2009's Deer Forecast For Maryland & Delaware
September 30, 2010
Maryland and Delaware are producing deer at or near record harvest levels. There's never been a better time to deer hunt in these states. (October 2009)
About this time of the year, it's probably better to be a deer hunter than a deer, particularly in Maryland and Delaware. In both states deer harvests are at or near record levels, with deer managers seeing no reason not to expect more of the same for the coming seasons.
Here's a look at the current deerhunting situation, and what hunters can expect to take in regard to both "meat for the freezer" and trophy deer.
Last year's record-breaking whiteÂtail harvest in the Free State likely put a smile on the face of Maryland Department of Natural Resources Deer Project Manager Brian Eyler.
"The 10 percent increase in the antlerless harvest is great news and will aid us in managing deer numbers across the state," said Eyler. "Hunting license sales increased slightly this year, but we believe the major factor for the record harvest was that hunters increased their efforts to put more venison in the freezer during these lean economic times."
According to the Maryland DNR, deer hunters harvested over 100,000 deer in a single season for the first time since modern deer management began in the early 1900s. The record 100,437 deer taken during the 2008-09 deer season eclipsed the previous record of 94,114 deer set in 2002-2003 and is 9 percent higher than the previous year's harvest of 92,208 deer.
Last year's antlered harvest increased 8 percent from 32,221 deer in 2007-08 to 34,725 deer. The antlerless harvest increased 10 percent from 59,987 deer in 2007 to 65,712 deer last season.
In Deer Management Region A (Garrett and Allegany counties), hunters reported 9,876 deer in 2008-09, a 10 percent increase over the 9,004 deer taken the prior year. The antlered harvest of 5,367 deer was slightly higher than the 2007-08 harvest of 5,208 deer, while the antlerless harvest of 4,509 deer was a 19 percent increase over 2007's harvest of 3,796 deer. The large increase in the Region A antlerless harvest can be partially attributed to an additional day of antlerless firearms hunting on private lands beginning with the 2008-09 season. The extra day for antlerless deer hunting was provided at the request of landowners in the region who wanted more opportunities to effectively manage deer numbers on their lands.
The reported deer harvest in the remainder of the state increased in most counties. Hunters in Region B (all counties other than Garrett and Allegany) reported taking 90,561 deer for the year. The antlered harvest of 29,358 deer was 9 percent higher than the 27,013 antlered deer taken in 2007-08, while the antlerless harvest also increased 9 percent from 56,191 deer in 2007-08 to 61,203 deer last year. Washington County led the harvest totals for 2008-09 with 9,227 deer, followed by Frederick County with 8,238 deer, and Baltimore County with 7,016 deer.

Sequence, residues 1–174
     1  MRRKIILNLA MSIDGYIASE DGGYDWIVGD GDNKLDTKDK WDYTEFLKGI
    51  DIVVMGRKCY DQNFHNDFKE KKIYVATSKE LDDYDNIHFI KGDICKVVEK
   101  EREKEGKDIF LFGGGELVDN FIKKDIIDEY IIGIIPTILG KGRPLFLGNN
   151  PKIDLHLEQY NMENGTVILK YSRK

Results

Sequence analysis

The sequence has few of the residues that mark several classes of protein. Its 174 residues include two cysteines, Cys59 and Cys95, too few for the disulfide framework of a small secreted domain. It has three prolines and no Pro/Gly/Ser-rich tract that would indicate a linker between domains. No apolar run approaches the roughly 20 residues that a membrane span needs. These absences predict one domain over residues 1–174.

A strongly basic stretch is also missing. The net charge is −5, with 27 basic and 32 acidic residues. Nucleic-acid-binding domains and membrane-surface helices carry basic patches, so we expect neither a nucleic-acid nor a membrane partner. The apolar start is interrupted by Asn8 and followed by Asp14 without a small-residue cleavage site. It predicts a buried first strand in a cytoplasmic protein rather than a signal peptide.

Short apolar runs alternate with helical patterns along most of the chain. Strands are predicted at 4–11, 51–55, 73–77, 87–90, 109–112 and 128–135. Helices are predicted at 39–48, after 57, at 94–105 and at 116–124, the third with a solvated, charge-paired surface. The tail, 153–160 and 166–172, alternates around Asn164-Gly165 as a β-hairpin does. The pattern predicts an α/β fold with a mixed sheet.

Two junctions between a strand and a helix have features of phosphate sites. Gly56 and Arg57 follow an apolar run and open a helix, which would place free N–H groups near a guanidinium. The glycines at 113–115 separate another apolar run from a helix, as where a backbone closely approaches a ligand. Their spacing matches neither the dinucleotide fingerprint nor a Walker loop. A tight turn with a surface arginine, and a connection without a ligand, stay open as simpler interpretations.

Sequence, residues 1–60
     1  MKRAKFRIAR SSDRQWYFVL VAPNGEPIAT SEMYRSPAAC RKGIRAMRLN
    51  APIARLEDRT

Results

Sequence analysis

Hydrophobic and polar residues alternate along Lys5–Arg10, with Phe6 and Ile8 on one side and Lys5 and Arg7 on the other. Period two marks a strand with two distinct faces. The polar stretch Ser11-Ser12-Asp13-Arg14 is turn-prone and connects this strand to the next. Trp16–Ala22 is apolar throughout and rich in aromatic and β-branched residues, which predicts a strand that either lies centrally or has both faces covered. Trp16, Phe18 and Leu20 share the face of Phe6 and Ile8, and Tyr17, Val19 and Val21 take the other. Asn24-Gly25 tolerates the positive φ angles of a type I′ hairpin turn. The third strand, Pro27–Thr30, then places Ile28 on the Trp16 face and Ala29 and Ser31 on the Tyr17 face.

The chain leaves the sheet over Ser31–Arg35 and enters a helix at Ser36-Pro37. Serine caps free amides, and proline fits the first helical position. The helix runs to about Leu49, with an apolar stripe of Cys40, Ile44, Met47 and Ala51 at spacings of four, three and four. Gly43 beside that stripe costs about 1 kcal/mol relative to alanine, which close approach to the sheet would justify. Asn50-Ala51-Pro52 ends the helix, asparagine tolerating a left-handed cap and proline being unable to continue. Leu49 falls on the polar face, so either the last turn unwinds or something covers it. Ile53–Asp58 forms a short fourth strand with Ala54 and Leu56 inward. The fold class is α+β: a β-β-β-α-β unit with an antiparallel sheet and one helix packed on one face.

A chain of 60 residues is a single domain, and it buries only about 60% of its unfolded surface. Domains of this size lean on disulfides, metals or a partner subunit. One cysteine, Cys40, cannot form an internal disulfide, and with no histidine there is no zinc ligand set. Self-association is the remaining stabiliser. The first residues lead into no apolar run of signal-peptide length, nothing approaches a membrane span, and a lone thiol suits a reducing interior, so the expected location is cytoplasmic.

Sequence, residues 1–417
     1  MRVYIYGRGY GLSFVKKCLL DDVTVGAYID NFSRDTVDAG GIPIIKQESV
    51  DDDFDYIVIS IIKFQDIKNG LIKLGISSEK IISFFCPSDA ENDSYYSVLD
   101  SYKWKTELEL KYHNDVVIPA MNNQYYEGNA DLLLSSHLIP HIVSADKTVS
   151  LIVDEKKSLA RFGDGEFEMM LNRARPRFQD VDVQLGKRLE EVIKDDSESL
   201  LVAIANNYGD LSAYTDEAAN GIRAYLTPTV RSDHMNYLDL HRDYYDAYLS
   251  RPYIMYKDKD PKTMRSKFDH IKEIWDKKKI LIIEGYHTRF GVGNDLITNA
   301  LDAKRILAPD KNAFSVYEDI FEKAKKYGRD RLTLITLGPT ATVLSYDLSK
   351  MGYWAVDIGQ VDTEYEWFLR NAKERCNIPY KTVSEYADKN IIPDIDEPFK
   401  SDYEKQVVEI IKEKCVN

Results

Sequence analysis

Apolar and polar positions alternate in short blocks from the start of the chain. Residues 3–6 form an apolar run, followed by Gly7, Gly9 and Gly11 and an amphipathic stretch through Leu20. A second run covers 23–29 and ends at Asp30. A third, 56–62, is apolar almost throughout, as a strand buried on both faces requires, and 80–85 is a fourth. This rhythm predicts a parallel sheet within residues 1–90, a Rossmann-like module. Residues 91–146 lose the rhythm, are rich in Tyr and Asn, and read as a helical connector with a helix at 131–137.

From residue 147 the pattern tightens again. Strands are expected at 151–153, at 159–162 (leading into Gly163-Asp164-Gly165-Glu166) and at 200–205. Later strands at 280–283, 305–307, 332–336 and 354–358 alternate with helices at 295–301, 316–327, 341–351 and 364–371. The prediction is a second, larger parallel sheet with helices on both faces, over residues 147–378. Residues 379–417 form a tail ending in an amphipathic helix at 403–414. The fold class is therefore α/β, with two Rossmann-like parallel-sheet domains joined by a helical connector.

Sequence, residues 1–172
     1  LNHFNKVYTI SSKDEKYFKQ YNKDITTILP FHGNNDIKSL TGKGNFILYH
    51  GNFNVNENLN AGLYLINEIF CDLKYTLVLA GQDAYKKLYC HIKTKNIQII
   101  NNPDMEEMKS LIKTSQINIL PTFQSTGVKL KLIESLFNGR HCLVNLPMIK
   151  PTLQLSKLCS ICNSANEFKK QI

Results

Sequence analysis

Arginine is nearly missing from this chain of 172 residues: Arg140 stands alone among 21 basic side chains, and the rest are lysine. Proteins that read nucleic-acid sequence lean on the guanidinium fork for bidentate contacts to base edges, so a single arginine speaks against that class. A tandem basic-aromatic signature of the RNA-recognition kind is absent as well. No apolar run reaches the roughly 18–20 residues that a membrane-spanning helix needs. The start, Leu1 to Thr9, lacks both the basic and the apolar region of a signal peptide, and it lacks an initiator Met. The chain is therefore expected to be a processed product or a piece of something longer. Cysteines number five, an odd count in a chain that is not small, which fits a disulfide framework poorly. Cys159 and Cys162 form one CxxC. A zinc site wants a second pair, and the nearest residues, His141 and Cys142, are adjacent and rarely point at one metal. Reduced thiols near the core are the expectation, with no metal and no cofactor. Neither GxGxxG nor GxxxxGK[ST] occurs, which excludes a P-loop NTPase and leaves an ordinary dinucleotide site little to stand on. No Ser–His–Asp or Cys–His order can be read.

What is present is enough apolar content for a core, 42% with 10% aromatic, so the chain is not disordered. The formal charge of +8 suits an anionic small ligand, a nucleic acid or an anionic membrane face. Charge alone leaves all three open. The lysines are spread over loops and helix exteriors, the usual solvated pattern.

The deer harvest in Maryland's suburban counties (Anne Arundel, Baltimore, Howard, Montgomery and Prince George's) also increased in 2008-09. Hunters in these counties took an average of 15 percent more antlerless deer last year than in 2007-08. In recent years, DNR has liberalized antlerless harvest regulations in these counties in an effort to address the impacts that high deer populations have had on Maryland's suburban landscape and residents.
Eyler said he was particularly pleased with last season's antlerless harvest of nearly 66,000 deer.
"We really like to see the majority of the harvest be of female deer, as it was last season," he noted. "A lot of factors go into a year's deer harvest. The poor economy of last year was a component, and likely will be again this year. Not only will folks be looking for venison to put in the freezer, and with some out of work, there will be added opportunity to do so."
Eyler didn't think last year's lofty harvest will translate into fewer deer for the coming season. He said that in general, Maryland still has a surplus of deer.
"There are plenty of deer to be taken," he noted.
Maryland hunters will have a few more opportunities this year to do just that. Eyler said Sunday hunting has been expanded to include Frederick County. He said the county would get six hunting Sundays, five in bow season and one in gun season. That's the only significant regulatory change for the coming season.
Central Maryland bowhunters will be pleased to know that hunting near Baltimore's water supply reservoirs has been expanded to include Loch Raven Reservoir. Similar hunts have been managed at Liberty and Prettyboy reservoirs.
A 1,600-acre designated section of the Loch Raven Reservoir watershed was opened for archery hunting of white-tailed deer from Sept. 15, 2008 through Jan. 31, 2009. According to the state DNR, archery hunters wanting to access Loch Raven Reservoir must obtain and complete a Loch Raven Reservoir Deer Bow Hunting Permit 2008-2009 form. The permit, rules and regulations, a map of the Loch Raven Reservoir bowhunting area boundaries and parking locations are available at www.dnr.maryland. gov/huntersguide/lnp.asp and at the Gwynnbrook Wildlife and Heritage Service Managed Hunt Permit Office, located at 3740 Gwynnbrook Avenue in Owings Mills, Md. The Managed Hunt Permit Office operates Monday through Friday, 7:30 a.m. to 11:30 a.m.